We have a ritual of going to Arby’s in South San Francisco for lunch whenever
one of our Subaru drivers is getting his car serviced. The problem is, South
San Francisco is possibly the least hospitable place on the peninsula, and it
doesn’t really help that your average Arby’s tends towards the ghetto side.
Let me first say that any city that thinks it’s a good idea to write
San Francisco – The Industrial City” on the side of their mountain probably
isn’t going to be a very nice place to live, much less visit.
While we were ordering our food, one of the employees went to her car, and
returned with a cup of instant soup, presumably for her lunch. When she opened
the door, the wind caught it and blew it open, and the gust blew some napkins
and cup lids into the air, and one of the employees said “Wind storm!” and I had
a sad vision of her saying that everytime a few lids were blown into the air.
It looked like a nice sunny day, so we decided to eat at one of the tables
outside. As soon as we sat down in the middle of a sea of pavement, we realized
how windy it was, but we decided we could weather the nuisance. We had a nice
clear view of the South San Francisco sign in one direction.
A plane taking off from SFO passed over us, its shadow making it even colder
for a second and its sound eclipsing the sound of the rattling fan of an air
conditioner which had just kicked in at Arby’s. And a few seconds later, the
wind caused one of the metal umbrellas to start spinning around and squeaking
loudly. The squeak of the spinning death blade and the rattle of the air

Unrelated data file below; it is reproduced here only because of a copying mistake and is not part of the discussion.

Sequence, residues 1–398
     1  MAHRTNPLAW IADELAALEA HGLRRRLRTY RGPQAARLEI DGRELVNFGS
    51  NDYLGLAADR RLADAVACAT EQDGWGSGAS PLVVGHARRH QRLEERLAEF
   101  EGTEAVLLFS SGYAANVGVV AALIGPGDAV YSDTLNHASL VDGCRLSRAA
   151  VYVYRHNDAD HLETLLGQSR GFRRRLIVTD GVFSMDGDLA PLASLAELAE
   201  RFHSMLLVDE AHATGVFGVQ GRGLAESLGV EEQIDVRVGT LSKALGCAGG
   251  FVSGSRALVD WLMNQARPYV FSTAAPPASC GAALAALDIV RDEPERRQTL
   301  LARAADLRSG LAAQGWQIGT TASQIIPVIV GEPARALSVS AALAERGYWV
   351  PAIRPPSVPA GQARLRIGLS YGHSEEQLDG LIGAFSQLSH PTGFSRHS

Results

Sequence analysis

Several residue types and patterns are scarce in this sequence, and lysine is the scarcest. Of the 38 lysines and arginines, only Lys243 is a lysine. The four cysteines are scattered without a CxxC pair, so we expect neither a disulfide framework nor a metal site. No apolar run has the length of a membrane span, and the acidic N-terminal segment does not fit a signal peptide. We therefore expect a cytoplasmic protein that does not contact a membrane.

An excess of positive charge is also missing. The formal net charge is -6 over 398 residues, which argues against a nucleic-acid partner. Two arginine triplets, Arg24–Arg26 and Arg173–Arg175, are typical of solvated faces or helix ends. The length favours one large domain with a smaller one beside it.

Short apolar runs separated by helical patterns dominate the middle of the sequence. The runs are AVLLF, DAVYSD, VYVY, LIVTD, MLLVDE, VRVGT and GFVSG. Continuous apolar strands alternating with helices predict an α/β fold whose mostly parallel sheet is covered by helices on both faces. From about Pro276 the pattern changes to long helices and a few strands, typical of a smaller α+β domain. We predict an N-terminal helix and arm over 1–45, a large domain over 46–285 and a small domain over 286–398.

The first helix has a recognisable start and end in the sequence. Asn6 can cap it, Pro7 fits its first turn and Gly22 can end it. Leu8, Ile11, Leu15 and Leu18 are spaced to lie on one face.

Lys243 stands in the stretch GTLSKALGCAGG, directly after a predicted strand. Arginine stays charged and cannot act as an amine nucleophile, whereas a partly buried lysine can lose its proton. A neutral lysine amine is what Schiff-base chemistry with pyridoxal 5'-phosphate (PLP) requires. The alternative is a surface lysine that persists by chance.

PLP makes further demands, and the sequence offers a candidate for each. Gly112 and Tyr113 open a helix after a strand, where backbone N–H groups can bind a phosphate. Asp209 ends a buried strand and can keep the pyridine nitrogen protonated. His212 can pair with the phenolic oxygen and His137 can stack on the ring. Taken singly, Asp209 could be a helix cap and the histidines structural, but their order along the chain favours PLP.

conditioner continued intermittently for the rest of the meal.
Once we finished our meal, we undertook an expedition to find out why the
back half of the parking lot was barricaded off. The barricades only served to
keep a car from driving around the back of the building, and the only thing we
found back there were the bathrooms. We walked over to the short concrete wall
at the back of the parking lot to see what was on the other side behind the
shrubbery that stuck up a few feet above the wall.
Tyler hopped onto the top of the wall and peered over the hedge to see
someone’s back yard — about 30 feet below. I looked down between the wall and
the hedge and noticed that it was actually a 30 foot tall hedge, and then I
looked up at tyler, his toes sticking over the edge of the wall, the wind at his
back, and the only thing between him and doom was that plant. He obviously
still thought the hedge was in a flower bed that started level with the parking
lot I was standing on, because that’s what it looked like.
“You uh, might want to get down from there.” I suggested.
It almost made me wish I was eating lunch in San Mateo.
(This was an attempt at a setting sketch. I’m not sure how well it really
described the environment, though.)